Like it or not, looks like this is going to get done.
The Texas House gave initial approval Monday to a stripped-down bill that would remove public corruption cases from Travis County’s Public Integrity Unit.
Final House approval is expected Tuesday.
House Bill 1690, initially approved 94-51, was amended on the House floor to apply solely to corruption allegations against elected or appointed state officials, who would be investigated by the Texas Rangers and prosecuted, if the allegations are confirmed, in the official’s home county.
House members adopted an amendment dropping state employees from home-county prosecution, keeping the status quo that would keep those cases in the county where a crime occurred — typically Travis County, where most state employees work.
State Rep. David Simpson, R-Longview, joined Democrats in arguing that home-county prosecution would create a special privilege, and a “home-court advantage,” for state officials that is not available to other Texans.
“I just want to plead with you that you not create, with this bill, a specially protected class,” Simpson said. “I urge you not to treat yourself better than the constituents who you serve.”
A Simpson amendment to allow corruption cases also to be prosecuted in the county where the crime occurred was defeated, 93-49.
The Senate has already passed a similar bill, moving Republicans much closer toward realizing a longtime goal — removing corruption cases from Travis County, a Democratic stronghold where, they believe, GOP officials cannot receive a fair hearing.
Like the Senate version, the bill by Rep. Phil King, R-Weatherford, would not move the majority of cases handled by Travis County’s Public Integrity Unit — including fraud against state programs, insurance fraud and tax fraud.
King estimated public corruption cases affected by his bill would affect only about 2 percent of the unit’s caseload.
See here for background on the Senate bill. I don’t think this is the worst idea ever – it’s better than simply handing this off to the Attorney General’s office, for example – but I agree with Rep. Simpson about how it treats legislators versus everyone else, and I agree with RG Ratcliffe that this does not take the politics out of the process, it just changes them. It may take awhile, but I’d bet that one of these days there will be a scandal over how a future investigation into an officeholder is handled, or not handled, by the Rangers and that officeholder’s home county DA. Anyone want to bet against that proposition? Note that this isn’t a partisan thing – since the Governor appoints the head of DPS, a future Democratic Governor could be just as liable to engage in shenanigans as any other kind of Governor.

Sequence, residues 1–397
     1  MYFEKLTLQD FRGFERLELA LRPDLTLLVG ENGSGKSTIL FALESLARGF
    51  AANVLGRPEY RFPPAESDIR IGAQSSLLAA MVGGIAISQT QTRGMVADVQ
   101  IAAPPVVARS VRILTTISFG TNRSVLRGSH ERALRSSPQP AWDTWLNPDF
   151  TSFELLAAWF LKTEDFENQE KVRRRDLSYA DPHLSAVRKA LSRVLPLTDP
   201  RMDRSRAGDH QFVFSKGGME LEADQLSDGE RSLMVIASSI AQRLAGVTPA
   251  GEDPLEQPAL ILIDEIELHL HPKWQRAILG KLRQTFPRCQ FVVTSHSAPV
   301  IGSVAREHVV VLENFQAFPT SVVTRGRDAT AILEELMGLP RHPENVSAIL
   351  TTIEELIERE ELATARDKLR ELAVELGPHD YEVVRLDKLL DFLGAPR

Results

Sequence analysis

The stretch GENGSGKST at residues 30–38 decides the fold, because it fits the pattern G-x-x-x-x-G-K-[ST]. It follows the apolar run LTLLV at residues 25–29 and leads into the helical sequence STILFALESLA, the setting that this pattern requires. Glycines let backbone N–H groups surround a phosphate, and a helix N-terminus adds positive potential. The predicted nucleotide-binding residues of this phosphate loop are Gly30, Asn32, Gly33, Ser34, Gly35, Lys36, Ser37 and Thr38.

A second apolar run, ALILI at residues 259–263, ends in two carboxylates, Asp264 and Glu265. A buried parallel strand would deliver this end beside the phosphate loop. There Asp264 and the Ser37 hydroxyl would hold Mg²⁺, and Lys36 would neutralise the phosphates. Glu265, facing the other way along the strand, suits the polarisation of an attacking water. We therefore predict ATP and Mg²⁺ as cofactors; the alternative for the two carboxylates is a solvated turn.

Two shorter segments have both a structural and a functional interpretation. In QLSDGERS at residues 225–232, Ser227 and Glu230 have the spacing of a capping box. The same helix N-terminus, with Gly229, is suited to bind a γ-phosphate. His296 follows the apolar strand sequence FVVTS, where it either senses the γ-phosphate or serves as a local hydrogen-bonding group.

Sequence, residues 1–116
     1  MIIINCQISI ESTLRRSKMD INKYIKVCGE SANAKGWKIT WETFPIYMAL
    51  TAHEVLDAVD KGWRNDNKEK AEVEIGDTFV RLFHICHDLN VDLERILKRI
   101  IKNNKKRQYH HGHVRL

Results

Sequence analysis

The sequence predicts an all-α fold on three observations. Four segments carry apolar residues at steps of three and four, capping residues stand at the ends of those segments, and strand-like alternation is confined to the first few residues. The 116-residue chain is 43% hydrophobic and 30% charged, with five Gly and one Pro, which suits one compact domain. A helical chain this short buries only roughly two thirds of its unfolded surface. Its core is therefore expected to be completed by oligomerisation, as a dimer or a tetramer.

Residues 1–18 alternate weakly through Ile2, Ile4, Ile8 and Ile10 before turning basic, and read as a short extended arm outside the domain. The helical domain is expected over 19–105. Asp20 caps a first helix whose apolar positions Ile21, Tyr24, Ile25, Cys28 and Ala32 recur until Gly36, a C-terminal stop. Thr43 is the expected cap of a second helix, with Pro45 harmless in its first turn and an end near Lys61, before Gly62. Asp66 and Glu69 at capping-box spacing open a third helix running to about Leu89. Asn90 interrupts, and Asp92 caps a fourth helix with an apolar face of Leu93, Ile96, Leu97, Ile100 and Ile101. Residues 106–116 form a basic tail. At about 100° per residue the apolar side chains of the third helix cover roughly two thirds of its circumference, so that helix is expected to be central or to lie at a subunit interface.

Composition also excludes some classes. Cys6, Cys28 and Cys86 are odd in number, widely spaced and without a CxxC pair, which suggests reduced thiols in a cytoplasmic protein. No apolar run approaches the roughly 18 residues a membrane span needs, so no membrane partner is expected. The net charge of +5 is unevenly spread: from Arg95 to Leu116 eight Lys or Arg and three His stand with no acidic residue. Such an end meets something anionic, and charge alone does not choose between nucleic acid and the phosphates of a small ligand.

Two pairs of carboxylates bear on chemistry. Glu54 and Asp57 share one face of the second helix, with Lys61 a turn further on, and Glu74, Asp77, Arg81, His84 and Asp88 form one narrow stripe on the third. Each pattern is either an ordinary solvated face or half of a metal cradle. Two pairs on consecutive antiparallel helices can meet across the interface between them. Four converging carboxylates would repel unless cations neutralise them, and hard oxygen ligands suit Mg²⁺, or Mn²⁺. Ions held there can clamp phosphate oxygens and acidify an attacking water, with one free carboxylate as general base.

And speaking of shady officeholders and their buddies back home:
Rep. Chris Turner, D-Grand Prairie, won approval of a provision potentially affecting [Attorney General Ken] Paxton. It would require a local prosecutor who currently or in the past has had “a financial or other business relationship” with the target of a probe to ask the judge to let him be recused “for good cause.” If the judge approved, the hometown prosecutor would be considered disqualified, Turner’s amendment says.
As he explained the amendment, Turner did not mention Paxton or Willis or their offices. Bill author Rep. Phil King, R-Weatherford, accepted the amendment, which passed on a voice vote.
The question of criminal prosecution of Paxton appeared to be going nowhere until grand jury members were given information about his licensure violations. One grand jury member expressed a desire to look at the matter. Willis asked the Texas Rangers to investigate and make a recommendation.
Turner, the amendment sponsor, said the original bill would let a local prosecutor seek to be recused “for good cause.” That’s insufficient, he said.
“Obviously, it’s not appropriate for the prosecutor to be involved in that case,” Turner said.
Rep. Trey Martinez Fischer, D-San Antonio, won approval for a related amendment. It would let an investigation’s target ask a judge to recuse a prosecutor with a conflict of interest.
That’s something, but we’ll see if those amendments stick. There’s two competing bills now, so it’s a matter of which one gets passed by the other chamber first, and if a conference committee is ultimately needed. The House bill is far from great, but it’s better than the Senate bill. The question is whose approach will win. The Chron and the Trib have more.